Charles Luckman was an American businessman and architect, famous as the "Boy Wonder of American Business" when he was named president of the Pepsodent toothpaste company in 1939 at the age of 30. Through acquisition, he later became president of Lever Brothers. Luckman had always wanted to be an architect. As a nine-year-old paper boy outside the Muehlebach Hotel in Kansas City, he asked a customer about the pretty lights and was told they were called "chandeliers." Then he asked, "Who does... Who decides on things like that?" "An architect," came the reply. "He designs the hotel and says to put the chandeliers there." Luckman wrote in his memoir, "Right then and there I decided to become an architect." He trained at the University of Illinois where he was a member of the Professional Engineering Fraternity Theta Tau, and the Social Fraternity Chi Psi but went into sales after graduating during the depths of the Great Depression. After nearly 20 years of great success in business, he helped plan Lever Brothers' New York skyscraper, Lever House, one of the first sealed glass towers that began the curtain wall trend. The complex, designed by Gordon Bunshaft of Skidmore, Owings & Merrill, was innovative in several other ways, as well, including a rare public plaza at ground level.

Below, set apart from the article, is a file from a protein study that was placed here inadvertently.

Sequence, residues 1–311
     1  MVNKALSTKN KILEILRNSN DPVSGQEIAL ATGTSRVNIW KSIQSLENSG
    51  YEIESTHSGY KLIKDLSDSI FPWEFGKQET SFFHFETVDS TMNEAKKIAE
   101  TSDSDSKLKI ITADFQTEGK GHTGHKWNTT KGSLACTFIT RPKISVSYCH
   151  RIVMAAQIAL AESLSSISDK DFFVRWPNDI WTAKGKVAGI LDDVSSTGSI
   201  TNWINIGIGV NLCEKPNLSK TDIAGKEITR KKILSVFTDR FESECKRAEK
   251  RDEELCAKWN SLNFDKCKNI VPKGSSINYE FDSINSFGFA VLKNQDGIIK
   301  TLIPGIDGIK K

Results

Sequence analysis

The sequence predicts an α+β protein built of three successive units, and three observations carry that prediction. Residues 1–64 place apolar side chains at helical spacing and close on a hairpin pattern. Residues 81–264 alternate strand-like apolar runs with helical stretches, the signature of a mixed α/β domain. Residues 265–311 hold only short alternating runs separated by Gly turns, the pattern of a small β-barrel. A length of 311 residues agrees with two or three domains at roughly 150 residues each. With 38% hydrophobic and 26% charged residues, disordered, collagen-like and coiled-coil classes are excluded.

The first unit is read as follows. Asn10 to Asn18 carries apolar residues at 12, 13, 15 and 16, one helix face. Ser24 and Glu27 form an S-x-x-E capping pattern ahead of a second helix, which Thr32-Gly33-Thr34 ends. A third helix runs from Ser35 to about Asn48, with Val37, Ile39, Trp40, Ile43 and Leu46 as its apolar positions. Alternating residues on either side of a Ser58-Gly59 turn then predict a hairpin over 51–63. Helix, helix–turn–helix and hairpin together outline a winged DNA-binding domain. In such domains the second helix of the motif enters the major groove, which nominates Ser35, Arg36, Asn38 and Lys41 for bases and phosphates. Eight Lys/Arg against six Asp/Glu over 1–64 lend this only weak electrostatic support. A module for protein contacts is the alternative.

Reminded of his architectural roots, Luckman resigned the presidency of Lever Brothers, moved to Los Angeles and began practicing architecture with fellow University of Illinois graduate William Pereira c. 1950 as Pereira & Luckman. Their partnership led to works such as CBS Television City and the master plans for Edwards Air Force Base and Los Angeles International Airport. Luckman and Pereira went separate ways in 1959. Luckman's firm went on to design the Prudential Tower in Boston, The Forum in Inglewood, the new Madison Square Garden in New York City, Aloha Stadium in Honolulu, Aon Center in Los Angeles, and the NASA Manned Spacecraft Center in Houston.
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